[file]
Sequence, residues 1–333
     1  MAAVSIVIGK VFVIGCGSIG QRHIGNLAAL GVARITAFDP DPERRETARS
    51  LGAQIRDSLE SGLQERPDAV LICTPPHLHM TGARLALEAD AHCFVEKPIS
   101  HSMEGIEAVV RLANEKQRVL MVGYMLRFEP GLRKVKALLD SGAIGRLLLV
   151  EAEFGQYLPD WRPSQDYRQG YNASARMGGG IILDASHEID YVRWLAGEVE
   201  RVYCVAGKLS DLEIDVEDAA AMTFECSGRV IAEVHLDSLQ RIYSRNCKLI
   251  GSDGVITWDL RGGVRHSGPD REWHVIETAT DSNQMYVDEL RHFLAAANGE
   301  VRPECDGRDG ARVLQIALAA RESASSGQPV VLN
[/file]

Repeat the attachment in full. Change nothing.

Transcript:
Sequence, residues 1–333
     1  MAAVSIVIGK VFVIGCGSIG QRHIGNLAAL GVARITAFDP DPERRETARS
    51  LGAQIRDSLE SGLQERPDAV LICTPPHLHM TGARLALEAD AHCFVEKPIS
   101  HSMEGIEAVV RLANEKQRVL MVGYMLRFEP GLRKVKALLD SGAIGRLLLV
   151  EAEFGQYLPD WRPSQDYRQG YNASARMGGG IILDASHEID YVRWLAGEVE
   201  RVYCVAGKLS DLEIDVEDAA AMTFECSGRV IAEVHLDSLQ RIYSRNCKLI
   251  GSDGVITWDL RGGVRHSGPD REWHVIETAT DSNQMYVDEL RHFLAAANGE
   301  VRPECDGRDG ARVLQIALAA RESASSGQPV VLN